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I had a hard time putting this graphic novel down. I had heard of Janis Joplin but knew very little about her past. This graphic novel told a new side of the story, one that wasn’t always perfect. We see a talented singer rise in a way few artists had at that time. There are good times and some tough moments as well and as this story comes to a close so does the life of this beloved singer.
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In terms of biographical quality I can't speak much about for I'm not an expert in the private life of Janis Joplin, and there's a conversation to be had about the treatment and ownership of her life by the public and fans, the ever so present parasocial relationships that have been created throughout her life, and now with her "legacy" and public life on record. That is to say, the interactions and dialogues felt fabricated to give the ideal narrative, there was no authenticity, it read as someone who thinks they know about the life of a celebrity because they know the public record. Her life was full of things we don't know, and filling some gaps with mediocre and simplistic  dialogue does nobody a favour.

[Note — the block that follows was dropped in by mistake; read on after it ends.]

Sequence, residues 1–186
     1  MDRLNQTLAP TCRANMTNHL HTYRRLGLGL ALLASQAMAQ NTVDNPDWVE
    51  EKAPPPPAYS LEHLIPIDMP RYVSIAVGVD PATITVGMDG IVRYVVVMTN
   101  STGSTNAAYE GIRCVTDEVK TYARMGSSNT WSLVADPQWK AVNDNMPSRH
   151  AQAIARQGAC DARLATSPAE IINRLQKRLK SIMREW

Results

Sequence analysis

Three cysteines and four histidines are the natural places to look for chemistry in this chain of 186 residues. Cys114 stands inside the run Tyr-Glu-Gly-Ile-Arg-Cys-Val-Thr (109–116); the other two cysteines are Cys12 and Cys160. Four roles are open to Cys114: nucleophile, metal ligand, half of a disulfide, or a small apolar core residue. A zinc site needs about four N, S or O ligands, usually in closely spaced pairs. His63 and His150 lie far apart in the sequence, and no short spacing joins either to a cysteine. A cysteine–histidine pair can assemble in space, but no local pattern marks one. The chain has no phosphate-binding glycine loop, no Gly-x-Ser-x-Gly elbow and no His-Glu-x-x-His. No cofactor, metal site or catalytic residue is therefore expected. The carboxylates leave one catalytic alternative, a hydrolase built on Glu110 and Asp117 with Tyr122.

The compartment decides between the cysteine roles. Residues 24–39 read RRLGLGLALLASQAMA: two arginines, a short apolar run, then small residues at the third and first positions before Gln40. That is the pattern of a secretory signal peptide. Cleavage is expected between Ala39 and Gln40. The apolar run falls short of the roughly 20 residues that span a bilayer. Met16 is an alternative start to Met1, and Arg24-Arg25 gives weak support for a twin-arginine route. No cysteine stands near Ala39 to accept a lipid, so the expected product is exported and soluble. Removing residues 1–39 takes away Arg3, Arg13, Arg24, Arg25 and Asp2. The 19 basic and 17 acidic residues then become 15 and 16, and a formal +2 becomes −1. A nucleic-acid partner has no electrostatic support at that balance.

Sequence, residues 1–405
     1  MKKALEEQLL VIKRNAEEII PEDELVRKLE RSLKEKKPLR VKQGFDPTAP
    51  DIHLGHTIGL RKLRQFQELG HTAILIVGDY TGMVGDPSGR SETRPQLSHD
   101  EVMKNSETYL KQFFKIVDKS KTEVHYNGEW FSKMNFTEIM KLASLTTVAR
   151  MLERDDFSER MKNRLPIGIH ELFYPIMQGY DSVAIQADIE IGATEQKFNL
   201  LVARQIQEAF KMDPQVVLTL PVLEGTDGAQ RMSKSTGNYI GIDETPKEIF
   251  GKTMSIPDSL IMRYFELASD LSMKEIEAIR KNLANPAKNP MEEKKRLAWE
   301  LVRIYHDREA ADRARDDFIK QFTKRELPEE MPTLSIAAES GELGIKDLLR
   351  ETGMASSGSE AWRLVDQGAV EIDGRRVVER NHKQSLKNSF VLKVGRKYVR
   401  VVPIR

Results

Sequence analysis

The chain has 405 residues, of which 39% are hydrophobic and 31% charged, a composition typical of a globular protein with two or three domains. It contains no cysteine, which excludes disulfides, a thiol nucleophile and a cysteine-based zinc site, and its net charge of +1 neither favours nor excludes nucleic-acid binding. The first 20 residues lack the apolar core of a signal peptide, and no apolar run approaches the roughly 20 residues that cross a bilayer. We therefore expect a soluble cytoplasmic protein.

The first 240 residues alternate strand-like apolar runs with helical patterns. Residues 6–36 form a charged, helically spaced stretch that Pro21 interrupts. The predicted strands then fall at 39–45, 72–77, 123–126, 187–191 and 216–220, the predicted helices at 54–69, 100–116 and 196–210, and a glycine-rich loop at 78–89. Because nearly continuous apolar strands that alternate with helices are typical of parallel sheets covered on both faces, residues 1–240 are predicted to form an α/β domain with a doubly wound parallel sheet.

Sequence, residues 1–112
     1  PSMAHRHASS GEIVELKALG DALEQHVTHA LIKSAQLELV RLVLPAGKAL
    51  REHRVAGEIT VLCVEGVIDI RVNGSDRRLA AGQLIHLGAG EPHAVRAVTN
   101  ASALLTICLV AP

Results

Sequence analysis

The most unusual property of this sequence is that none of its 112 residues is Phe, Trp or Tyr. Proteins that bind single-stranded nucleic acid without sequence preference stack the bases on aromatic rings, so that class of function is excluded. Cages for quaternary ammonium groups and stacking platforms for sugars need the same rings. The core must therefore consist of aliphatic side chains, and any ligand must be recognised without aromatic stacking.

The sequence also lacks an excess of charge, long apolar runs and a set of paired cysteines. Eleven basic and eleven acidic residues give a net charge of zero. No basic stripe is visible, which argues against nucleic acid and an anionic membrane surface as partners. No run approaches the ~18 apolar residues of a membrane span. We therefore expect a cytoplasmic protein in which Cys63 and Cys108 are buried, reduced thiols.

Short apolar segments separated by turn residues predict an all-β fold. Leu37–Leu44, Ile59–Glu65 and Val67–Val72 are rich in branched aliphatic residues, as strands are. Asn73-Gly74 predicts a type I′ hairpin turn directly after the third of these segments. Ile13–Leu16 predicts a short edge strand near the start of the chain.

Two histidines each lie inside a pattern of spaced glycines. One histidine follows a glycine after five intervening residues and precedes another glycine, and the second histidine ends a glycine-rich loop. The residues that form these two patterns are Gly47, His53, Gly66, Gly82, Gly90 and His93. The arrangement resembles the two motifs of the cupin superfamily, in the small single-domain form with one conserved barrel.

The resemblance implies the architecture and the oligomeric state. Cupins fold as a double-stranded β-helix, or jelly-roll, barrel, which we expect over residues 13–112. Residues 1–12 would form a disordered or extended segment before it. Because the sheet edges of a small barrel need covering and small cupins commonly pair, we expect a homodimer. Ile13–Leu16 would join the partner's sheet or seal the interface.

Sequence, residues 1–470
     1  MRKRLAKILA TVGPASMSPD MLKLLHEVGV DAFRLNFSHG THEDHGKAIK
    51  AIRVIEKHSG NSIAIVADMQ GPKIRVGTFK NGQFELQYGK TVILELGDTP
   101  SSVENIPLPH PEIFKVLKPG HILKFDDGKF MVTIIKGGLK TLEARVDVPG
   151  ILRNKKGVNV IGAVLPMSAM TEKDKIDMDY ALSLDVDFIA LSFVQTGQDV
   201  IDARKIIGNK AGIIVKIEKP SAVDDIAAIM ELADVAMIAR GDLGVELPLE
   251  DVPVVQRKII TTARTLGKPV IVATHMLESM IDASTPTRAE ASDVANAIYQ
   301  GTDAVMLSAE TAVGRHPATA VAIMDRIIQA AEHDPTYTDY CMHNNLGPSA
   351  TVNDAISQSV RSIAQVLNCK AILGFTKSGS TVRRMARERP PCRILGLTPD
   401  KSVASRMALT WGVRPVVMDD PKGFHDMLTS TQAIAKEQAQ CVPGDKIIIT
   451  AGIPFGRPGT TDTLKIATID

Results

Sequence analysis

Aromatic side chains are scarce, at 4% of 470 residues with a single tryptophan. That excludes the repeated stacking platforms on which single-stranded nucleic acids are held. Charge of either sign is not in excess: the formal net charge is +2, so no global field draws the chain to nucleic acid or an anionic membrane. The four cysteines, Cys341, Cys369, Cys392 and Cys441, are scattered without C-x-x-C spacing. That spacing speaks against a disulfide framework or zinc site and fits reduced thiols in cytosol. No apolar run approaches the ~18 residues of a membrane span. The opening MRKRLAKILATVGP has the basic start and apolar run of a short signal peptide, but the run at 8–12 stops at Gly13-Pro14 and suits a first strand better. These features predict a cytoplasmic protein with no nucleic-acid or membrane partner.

The overall illustrations felt rushed, messy, sometimes hard to read, hard to follow. There are some full page illustrations that are beautiful, you can tell the dedication of the artists there, their line quality and colour palette, but having these examples only amplifies the neglect in the rest of the work, there were pages mostly with a white background and the figures over imposed, no sense of depth, some illustrations incomplete, not much care. 
Overall it was a mediocre job that might find its audience in people who are not familiar with the star's life story, it is a good first glance, but not a great biographical work in terms of writing, tone, and production. It was good enough, but I expected more.